at home. Following is a partial catalogue of Muktzah items.
- Any item whose main use is prohibited on the Shabbos, e.g. hammer,
writing implement, wallet, purse, notepad, etc.
- Any item which is neither food
nor a utensil that has a practical use on the Shabbos, e.g. money,
animal, stone, credit card, etc.
- Any item so valuable that one expends extra care for its safety, e.g.
passport, cheque, expensive painting, merchandise set aside for sale, etc.
- Any item
attached to its source of growth at the onset of Shabbos but which
fell from its source of growth during Shabbos, e.g. fruit which fell from a tree.
- Any item which cannot be used
on Shabbos or whose intended use is for after Shabbos, e.g. car key
or office key.
- An umbrella may not be carried even if opened before Shabbos or
- Gardening equipment, tools, athletic equipment.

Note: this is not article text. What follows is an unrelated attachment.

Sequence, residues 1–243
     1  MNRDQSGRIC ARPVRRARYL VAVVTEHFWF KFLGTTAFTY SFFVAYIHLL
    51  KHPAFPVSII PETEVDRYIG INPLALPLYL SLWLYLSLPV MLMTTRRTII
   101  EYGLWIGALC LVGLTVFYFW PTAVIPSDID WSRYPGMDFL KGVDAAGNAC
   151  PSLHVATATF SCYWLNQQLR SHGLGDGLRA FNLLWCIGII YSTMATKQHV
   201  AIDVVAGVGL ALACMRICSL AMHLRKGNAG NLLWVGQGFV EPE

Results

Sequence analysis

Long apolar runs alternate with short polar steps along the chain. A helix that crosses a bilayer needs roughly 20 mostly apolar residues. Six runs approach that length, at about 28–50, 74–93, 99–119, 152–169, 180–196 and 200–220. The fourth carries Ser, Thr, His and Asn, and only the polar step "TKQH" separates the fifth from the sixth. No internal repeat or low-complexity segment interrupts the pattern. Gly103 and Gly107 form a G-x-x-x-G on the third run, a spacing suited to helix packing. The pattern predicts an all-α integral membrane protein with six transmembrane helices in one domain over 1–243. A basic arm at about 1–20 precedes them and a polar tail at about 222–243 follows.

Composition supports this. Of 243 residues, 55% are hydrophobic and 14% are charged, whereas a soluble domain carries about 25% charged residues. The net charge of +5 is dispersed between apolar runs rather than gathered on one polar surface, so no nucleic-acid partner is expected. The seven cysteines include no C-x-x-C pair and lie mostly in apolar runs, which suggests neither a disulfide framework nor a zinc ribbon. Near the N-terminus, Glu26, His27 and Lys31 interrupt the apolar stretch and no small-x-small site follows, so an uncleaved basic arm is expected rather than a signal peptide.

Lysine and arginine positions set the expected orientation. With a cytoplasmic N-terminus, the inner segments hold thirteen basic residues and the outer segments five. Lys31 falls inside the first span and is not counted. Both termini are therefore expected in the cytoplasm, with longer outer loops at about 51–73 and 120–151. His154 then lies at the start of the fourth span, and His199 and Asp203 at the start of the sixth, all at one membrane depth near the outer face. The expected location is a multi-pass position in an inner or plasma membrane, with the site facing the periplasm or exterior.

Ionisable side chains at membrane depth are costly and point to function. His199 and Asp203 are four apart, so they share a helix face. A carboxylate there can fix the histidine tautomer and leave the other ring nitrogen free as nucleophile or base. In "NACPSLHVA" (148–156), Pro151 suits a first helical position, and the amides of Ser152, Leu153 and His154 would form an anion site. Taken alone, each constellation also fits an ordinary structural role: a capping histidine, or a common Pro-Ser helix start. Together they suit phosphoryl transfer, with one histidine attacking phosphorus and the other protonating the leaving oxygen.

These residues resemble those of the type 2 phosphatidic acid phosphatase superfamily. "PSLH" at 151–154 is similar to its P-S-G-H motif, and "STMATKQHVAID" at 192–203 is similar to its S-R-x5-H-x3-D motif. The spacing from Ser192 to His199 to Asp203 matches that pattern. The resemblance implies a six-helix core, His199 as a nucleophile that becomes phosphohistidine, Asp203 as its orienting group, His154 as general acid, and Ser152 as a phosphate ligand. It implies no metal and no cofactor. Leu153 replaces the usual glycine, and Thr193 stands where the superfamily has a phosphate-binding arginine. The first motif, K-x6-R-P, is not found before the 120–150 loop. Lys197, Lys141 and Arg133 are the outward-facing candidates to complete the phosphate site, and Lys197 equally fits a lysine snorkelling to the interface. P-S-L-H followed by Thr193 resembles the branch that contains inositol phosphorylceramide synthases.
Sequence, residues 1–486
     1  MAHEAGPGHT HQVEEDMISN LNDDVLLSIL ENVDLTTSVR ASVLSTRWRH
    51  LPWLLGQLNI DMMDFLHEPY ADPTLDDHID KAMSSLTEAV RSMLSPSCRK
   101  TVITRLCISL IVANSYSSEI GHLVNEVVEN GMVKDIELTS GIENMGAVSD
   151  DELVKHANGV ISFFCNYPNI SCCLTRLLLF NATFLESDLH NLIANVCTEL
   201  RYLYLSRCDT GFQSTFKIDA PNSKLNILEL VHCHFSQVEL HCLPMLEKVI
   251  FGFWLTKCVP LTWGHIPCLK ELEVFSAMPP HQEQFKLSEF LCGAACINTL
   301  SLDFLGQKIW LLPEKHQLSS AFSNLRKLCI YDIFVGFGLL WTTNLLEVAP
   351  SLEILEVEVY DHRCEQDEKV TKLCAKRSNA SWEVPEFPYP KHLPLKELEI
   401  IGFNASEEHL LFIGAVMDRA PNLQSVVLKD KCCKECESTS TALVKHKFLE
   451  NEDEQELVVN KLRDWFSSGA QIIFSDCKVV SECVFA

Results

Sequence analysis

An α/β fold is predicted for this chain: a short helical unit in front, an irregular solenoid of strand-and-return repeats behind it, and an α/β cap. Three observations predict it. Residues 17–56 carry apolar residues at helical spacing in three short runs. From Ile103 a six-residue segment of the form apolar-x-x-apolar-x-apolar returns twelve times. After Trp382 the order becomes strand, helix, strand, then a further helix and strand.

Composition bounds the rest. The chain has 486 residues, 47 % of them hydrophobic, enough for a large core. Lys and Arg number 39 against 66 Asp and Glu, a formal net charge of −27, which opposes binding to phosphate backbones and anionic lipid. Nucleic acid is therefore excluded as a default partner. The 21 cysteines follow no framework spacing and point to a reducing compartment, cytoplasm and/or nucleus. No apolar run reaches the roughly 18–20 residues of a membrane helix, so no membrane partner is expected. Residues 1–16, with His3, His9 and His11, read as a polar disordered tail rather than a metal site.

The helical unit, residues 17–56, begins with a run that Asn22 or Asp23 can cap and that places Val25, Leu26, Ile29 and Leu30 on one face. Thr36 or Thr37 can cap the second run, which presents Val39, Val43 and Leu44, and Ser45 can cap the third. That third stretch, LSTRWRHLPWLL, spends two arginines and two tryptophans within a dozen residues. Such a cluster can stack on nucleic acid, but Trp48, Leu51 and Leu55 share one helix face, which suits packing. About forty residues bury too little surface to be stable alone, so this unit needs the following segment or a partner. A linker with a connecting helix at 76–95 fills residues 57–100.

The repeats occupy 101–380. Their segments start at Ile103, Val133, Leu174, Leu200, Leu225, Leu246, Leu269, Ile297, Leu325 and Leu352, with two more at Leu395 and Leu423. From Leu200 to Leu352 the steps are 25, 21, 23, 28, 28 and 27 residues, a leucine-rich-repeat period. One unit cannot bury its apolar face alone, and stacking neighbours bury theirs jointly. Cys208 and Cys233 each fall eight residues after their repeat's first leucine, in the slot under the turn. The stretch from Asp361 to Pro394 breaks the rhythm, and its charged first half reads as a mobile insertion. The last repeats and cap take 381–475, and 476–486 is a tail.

All questions regarding Muktzah should be addressed to each person's Rabbi.
The Eruv may become temporarily invalid
In order to assure that no joyous event be marred by disappointment or,
G-d forbid, inadvertent transgression of Hilchos Shabbos, no Kiddush, Bar
Mitzvah, Aufruf or other Shabbos affair should be planned with the assumption
that the Eruv will be operational, as last minute storms, construction, etc.
could render the Eruv invalid. Therefore, since events must be planned far
in advance, all celebrations should be planned as if there were no Eruv. Food
should be brought to the location of a Simchah before Shabbos, a copy of a
Bar/Bat Mitzvah boy/girl's D'rashah should be brought to Shul before Shabbos,
Weekly Eruv Inspection